Now comes the 2021 two-fer trip in which WVU found a way to achieve a split. After trailing by 18 at Norman and 19 at Stillwater, any Mountaineer victory may have seemed improbable, but West Virginia did manage to go 1-1 on this year’s two-game trip.
History may not hold true each year, but it’s typically been a pretty good indicator … and if that indicator carries through this season, it’s a pretty good sign for the 2020-21 Mountaineers.
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Probably the biggest concern for West Virginia without departed big man Oscar Tshiebwe, who was averaging 7.8 rebounds per game this season after pulling down 9.3 per game last year, is if it can remain dominant on the boards moving forward without him.
Under Bob Huggins the Mountaineers have traditionally been one of the best rebounding teams in both the Big 12 and also the country.
In 31 games last year WVU had a +8.1 rebounding margin, which was the best mark in the league and the fifth best in all Division I. West Virginia also led the Big 12 in rebounding margin in 2016 and has finished in the top four in the league in that category every season but one (6th in 2017) since 2015.
Last season the 21-10 Mountaineers lost the rebounding battle in just five of their 31 games (Northern Iowa, Youngstown State, Ohio State, Missouri and at Texas Tech). Interestingly they won four of those (all but Texas Tech).
This season started off per usual, with West Virginia winning the rebounding stat in each of its first nine games, but then in its first outing without Tshiebwe, WVU got outrebounded at Oklahoma 41-36. The Mountaineers’ remaining big man, Culver, didn’t play well in Norman (2 points and 6 rebounds), so that was part of the problem.
But it was a different story in Stillwater. WVU won the overall recruiting battle 48-49, and the war for second-chance points from offensive rebounds 26-15.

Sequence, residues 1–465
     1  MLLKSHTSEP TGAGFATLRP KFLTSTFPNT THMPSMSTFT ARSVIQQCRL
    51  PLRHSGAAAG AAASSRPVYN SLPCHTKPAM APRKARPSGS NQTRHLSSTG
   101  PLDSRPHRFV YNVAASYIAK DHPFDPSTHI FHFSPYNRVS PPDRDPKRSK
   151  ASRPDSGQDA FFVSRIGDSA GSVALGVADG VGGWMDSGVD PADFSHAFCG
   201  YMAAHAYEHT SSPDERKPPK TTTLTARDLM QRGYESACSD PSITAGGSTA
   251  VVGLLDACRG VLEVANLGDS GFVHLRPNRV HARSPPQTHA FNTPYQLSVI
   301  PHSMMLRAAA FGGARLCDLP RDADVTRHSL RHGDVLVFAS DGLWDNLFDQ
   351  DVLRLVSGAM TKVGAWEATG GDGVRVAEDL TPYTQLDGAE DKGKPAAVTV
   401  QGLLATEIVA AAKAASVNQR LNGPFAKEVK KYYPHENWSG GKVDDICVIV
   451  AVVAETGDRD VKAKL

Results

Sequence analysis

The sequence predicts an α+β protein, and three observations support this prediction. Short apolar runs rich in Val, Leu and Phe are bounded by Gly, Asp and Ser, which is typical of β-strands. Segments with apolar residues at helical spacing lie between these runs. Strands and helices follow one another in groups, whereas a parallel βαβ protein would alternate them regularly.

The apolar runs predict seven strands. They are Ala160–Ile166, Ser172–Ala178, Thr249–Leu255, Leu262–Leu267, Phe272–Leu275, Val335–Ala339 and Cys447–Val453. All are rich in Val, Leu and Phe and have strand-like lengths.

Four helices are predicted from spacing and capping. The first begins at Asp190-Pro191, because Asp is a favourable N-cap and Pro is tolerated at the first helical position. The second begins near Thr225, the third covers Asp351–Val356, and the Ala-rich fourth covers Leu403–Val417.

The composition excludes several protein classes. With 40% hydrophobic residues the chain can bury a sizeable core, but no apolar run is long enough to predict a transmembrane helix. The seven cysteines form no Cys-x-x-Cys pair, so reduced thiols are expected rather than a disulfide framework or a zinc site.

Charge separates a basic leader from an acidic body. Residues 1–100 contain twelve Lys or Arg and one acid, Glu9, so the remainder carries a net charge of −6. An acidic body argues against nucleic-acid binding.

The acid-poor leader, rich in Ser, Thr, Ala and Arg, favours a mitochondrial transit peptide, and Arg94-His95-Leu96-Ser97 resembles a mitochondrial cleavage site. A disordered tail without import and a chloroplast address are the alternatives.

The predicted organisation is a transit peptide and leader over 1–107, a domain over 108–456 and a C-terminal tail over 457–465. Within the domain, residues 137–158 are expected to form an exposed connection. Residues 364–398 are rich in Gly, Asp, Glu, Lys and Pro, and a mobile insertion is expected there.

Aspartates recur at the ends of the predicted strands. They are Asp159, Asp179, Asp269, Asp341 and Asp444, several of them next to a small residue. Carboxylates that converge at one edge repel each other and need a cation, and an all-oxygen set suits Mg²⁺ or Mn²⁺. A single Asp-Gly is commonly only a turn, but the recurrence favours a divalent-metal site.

Culver in particularly was dominating, as he finished with 22 points and 19 rebounds. It was the junior forward’s sixth double-double of the season and 18th of his career. It was also his second career game as a Mountaineer with at least 20 points and 19 rebounds, as he had 22 points and 21 rebounds at TCU in 2019. Maurice Robinson (20 points and 20 rebounds vs. CCNY in 1977) is the last WVU player before Culver to reach such territory. Warren Baker with 31 points and 22 rebounds against Pitt in 1974 was the last Mountaineer to go over 22 points and 19 rebounds.
“I feel like we came out and tried to be the tougher team,” noted Culver of the rebounding difference from Saturday to Monday. “Coach (Bob Huggins) was on us about getting outrebounded (at Oklahoma). With the players we have, that shouldn’t happen.
“Coach told to capitalize on our size and go attack the rack with reckless abandonment,” he added. “I feel like that translated into our improved rebounding.”
For much of the game, West Virginia’s rebounding and the play of Culver were WVU’s only real positives.
But in the final 10 minutes the Mountaineers found plenty of other plusses as well, and now history looks down upon West Virginia with favor.